Election result could swing on hand tally

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Election result could swing on hand tally today

By Scott Hiaasen and Marc Caputo, Palm Beach Post Staff Writers
Saturday, November 11, 2000

WEST PALM BEACH -- Forget the 19,000 double votes for president. Put aside the smattering of ballots for Pat Buchanan in Jewish districts.

The real focus of today's manual recount is a block of 10,361 phantom Palm Beach County ballots that named no president in Tuesday's election.

If the Democrats can somehow turn a handful of those non-votes into Al Gore votes, Florida's 25 Electoral College votes go to him.

And then Gore goes to the White House with more than the required 270 electoral votes.

"There's no way all those people didn't vote for president," said Monte Friedkin, head of Palm Beach County's Democratic Party. "No offense, but do you really think that people wanted to vote for the clerk of courts but not the leader of our country?"

The only way to really check, Friedkin said, is with today's hand recount of nearly 4,300 ballots. By eyeballing each ballot from three specially targeted precincts -- areas with high numbers of blank presidential ballots or double votes -- Democrats hope to spot signs that the machines couldn't detect.

The Democrats hope to find so many irregularities that the canvassing board will feel compelled to recount by hand all 462,657 ballots in Palm Beach County. There are no laws that specify how many problems would be needed to justify a recount.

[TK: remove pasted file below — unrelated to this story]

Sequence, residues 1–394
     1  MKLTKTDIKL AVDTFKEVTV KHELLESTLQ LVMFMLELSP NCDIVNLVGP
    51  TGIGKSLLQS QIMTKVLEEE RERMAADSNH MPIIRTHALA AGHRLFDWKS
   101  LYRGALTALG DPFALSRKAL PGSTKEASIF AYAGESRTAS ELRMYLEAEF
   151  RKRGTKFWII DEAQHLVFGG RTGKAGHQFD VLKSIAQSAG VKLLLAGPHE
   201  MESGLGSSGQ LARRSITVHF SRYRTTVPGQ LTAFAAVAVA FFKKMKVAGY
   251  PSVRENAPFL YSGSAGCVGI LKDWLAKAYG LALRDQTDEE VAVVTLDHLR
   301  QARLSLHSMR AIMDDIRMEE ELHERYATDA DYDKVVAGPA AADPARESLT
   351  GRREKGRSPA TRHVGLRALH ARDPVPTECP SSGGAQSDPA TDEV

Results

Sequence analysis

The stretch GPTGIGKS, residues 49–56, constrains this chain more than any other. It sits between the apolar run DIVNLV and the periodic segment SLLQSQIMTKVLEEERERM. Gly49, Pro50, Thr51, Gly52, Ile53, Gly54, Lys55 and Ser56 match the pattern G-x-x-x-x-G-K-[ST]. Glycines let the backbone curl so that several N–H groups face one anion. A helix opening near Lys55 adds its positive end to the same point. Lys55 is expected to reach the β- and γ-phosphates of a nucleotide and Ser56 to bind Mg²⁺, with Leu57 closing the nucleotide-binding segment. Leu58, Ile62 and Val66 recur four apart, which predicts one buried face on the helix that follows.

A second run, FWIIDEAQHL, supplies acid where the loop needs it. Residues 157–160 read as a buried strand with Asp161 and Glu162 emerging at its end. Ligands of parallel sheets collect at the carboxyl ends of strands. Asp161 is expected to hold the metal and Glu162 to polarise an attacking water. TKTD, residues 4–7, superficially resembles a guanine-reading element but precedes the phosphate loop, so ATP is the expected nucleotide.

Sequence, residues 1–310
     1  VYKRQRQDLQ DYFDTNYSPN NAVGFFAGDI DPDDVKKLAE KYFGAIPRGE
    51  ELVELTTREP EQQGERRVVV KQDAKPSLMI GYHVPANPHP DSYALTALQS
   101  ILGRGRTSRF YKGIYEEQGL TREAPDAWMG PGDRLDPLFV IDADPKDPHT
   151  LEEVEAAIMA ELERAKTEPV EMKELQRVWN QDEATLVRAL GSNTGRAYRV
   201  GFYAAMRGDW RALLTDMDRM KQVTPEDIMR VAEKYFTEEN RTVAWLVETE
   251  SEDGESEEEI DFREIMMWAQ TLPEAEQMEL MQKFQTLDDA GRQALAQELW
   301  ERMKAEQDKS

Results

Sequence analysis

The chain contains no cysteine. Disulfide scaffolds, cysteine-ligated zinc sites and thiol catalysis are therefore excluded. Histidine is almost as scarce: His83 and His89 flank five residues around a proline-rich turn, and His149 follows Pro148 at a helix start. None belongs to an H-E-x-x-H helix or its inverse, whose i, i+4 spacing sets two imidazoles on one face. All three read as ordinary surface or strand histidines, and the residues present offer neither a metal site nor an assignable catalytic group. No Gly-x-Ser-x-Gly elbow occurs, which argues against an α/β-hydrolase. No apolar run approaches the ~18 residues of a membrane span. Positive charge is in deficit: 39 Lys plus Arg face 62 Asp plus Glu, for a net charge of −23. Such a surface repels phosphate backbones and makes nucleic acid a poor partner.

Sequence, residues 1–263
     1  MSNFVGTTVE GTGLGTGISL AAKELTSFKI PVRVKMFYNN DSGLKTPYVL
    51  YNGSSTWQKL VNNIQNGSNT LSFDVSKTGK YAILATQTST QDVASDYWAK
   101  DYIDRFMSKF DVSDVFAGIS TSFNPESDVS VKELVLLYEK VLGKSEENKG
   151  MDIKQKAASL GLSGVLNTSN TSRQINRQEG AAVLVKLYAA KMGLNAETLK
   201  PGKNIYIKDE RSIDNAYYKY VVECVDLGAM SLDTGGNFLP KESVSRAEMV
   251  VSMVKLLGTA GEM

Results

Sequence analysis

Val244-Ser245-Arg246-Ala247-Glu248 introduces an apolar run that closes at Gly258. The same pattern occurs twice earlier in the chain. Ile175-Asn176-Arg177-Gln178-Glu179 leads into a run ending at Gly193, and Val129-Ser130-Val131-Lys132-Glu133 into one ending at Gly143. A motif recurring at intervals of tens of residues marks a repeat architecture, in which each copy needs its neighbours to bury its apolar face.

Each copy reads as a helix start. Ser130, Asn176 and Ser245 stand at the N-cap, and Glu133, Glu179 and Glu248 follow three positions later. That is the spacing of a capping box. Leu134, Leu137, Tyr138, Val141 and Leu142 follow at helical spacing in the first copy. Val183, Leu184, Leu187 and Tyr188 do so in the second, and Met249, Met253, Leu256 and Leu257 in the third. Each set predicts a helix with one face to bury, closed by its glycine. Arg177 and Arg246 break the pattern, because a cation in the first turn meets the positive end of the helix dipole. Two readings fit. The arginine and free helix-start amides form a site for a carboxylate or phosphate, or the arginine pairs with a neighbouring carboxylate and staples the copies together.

That prospect terrifies Republicans, who promise to fight to protect Texas Gov. George W. Bush's slender lead in the state.

"Al Gore should just move on," said Tucker Eskew, senior communications adviser for Bush's campaign. "There's a reason we've moved to machine counts. They reduce human error, they're more accurate and more efficient than people."

The GOP is suspicious of the Gore campaign's requests for recounts here and in Broward, Miami-Dade and Volusia counties -- all places where Gore won big. The Gore campaign says the counties were chosen because they were rife with complaints.

The stakes increased with the results of a state-mandated recount of Tuesday's vote that narrowed Bush's lead in Florida from more than 1,700 votes to 327. Gore picked up 600 votes in Palm Beach County alone, causing the GOP to ask for a third electronic recount today. It will happen at the same time as the manual recount.

Both parties will have representatives in the recount rooms, which are under the supervision of the county's canvassing board.

The three-member board, consisting only of Democrats, granted the recount requests Thursday as protesters and lawsuits against Palm Beach County's "butterfly ballot" piled up. The suits claim the ballot book was illegal and so confusing that it led many voters to mistakenly vote for Pat Buchanan instead of Gore or vote for two candidates.

With this backdrop, the Rev. Jesse Jackson plans to lead a protest march through West Palm Beach on Monday -- the day before a circuit court judge is scheduled to have a hearing on whether to lift an injunction, issued Thursday, that prevents the results from being certified.

Gore supporters say the number of discarded presidential votes -- 29,502 -- in Palm Beach County is clear evidence the ballot was flawed. In the 1996 election, about half that amount was thrown out.

With so few votes separating the two candidates, the outcome of the presidential election may indeed lie in the hands of the county workers who will spend today picking one by one through the ballots -- especially if they find "dimples" or other marks suggesting that uncounted votes were intended for Gore.

By law, the Democrats get to choose which three precincts will be recounted, and Friday night the Gore team and its lawyers were sifting through precinct data hunting for an advantage. The 15 precincts they focused on were largely Democratic and contained high numbers of problem votes, either uncounted ones or votes that were disqualified for choosing more than one candidate.